China Overseas Chinese Network, August 20. According to the US Overseas Chinese News Network, the deadline for the 2020 census has been advanced to September 30, but the average participation rate of the New York City census is still lower than the national level. The New York City Census Office (NYC Census2020) held an East Asian media roundtable on August 18, local time, re-emphasizing the importance of complete census counts and calling on minority immigrant communities including Asians to fill out the questionnaire as soon as possible.

  Amit Singh Bagga, deputy director of the New York City Census Office, said that the Trump administration recently announced that it will advance the 2020 Census, which was originally scheduled to end on October 31, to September 30. There are huge challenges and pressures, especially immigrant communities with low participation rates will face the risk of not being fully counted. Bai Jia pointed out that the accuracy of the census count determines the amount of federal funding for each state and the number of seats in each state's Congress, which affects related community needs such as education departments, food stamp subsidy programs, banking institutions, and hospital services. Every loss count will directly affect the direction and development of society in the next 10 years.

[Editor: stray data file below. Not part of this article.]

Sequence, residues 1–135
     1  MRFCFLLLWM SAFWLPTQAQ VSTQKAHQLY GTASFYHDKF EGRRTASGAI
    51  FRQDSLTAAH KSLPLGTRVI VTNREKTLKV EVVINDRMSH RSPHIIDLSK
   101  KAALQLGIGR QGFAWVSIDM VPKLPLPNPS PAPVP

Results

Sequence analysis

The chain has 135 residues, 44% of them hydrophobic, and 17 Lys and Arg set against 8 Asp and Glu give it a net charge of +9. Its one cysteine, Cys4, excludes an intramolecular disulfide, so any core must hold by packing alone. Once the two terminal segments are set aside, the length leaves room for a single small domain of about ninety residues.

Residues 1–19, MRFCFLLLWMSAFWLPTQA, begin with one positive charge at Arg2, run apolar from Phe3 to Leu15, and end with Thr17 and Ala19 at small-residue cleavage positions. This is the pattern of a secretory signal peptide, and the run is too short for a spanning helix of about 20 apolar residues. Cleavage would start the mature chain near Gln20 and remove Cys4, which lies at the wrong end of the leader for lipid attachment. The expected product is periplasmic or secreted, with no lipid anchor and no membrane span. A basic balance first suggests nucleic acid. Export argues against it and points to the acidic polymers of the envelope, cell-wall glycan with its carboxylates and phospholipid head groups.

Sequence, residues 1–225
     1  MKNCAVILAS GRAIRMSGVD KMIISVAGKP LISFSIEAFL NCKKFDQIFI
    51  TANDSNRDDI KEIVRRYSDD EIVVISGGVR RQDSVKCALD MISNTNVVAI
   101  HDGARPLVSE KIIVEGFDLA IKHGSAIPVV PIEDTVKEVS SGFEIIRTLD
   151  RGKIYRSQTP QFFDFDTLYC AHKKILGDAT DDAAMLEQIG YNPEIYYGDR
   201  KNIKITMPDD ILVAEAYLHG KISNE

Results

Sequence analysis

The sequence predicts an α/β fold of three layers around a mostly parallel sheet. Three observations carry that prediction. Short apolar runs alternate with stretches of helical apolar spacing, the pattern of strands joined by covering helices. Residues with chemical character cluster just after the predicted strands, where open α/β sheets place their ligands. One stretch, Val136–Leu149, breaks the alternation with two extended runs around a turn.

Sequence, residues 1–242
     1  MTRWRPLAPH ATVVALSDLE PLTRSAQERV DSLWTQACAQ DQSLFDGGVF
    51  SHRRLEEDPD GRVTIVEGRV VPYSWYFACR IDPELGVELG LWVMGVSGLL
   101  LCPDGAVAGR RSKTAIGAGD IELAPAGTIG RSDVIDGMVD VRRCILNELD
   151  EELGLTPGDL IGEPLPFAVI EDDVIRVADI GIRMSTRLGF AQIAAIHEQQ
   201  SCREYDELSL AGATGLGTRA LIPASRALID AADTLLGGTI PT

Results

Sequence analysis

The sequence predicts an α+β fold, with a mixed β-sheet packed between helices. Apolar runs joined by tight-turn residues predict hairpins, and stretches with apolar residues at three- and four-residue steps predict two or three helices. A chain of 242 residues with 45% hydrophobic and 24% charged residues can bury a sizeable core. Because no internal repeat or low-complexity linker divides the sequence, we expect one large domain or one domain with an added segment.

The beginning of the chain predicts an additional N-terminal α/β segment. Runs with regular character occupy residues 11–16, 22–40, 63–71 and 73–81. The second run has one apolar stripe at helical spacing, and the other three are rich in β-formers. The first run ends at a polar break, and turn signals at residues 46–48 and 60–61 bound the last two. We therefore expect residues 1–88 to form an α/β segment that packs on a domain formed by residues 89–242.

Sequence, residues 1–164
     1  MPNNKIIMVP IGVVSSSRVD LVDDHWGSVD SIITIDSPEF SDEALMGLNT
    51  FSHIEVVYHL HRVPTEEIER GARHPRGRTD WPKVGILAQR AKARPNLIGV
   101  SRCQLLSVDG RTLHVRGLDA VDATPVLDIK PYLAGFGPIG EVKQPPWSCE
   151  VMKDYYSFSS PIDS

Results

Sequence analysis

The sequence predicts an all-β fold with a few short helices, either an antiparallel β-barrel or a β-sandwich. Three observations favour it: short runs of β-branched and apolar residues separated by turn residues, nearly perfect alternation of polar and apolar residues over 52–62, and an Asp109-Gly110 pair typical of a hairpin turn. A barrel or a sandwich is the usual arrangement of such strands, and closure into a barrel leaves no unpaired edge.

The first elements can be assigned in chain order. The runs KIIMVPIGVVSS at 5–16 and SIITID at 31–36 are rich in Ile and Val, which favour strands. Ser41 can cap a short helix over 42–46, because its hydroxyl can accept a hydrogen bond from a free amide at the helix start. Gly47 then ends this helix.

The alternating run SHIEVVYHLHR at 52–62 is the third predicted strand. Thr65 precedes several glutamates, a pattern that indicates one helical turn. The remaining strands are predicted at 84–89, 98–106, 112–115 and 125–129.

The data shows that as of August 17, local time, the self-response rate of the New York City Census was 55.9%, which was lower than 59% in New York State and 63.8% nationwide. The response rate of many immigrant communities, including Chinese, was even higher. low. In terms of the response rate of Chinese Americans, the overall response rate of Chinese Americans in New York City is 50.3%. The response rate of Flushing is 50.8%, the response rate of Chinatown is 53.7%, and the response rate of Sunset Park is only 40.5%.

  Howard Shih, Director of Research and Policy at the Asian-American Alliance, said that since early August, commissioners of the Census Bureau have begun knocking on the doors of people who have not responded, but they are still encouraged to use online, telephone, etc. more quickly Way to participate. Shi Haowei also reminded the public to guard against fraud. The census questionnaire will not ask about the person’s immigration or citizenship status, driver’s license information, social security number, bank account or credit card number, political organization, or asking for money and donations.

  If the public encounters the above problems when filling in, they can call the New American Hotline in New York State to report. Wang Yilin, the cultural liaison of the New York City Census Office, reminded that people can fill out the census questionnaire online using mobile phones, computers, etc., and people of Chinese descent can also dial the Mandarin or Cantonese hotline to help complete the census. (Yang Chengyu)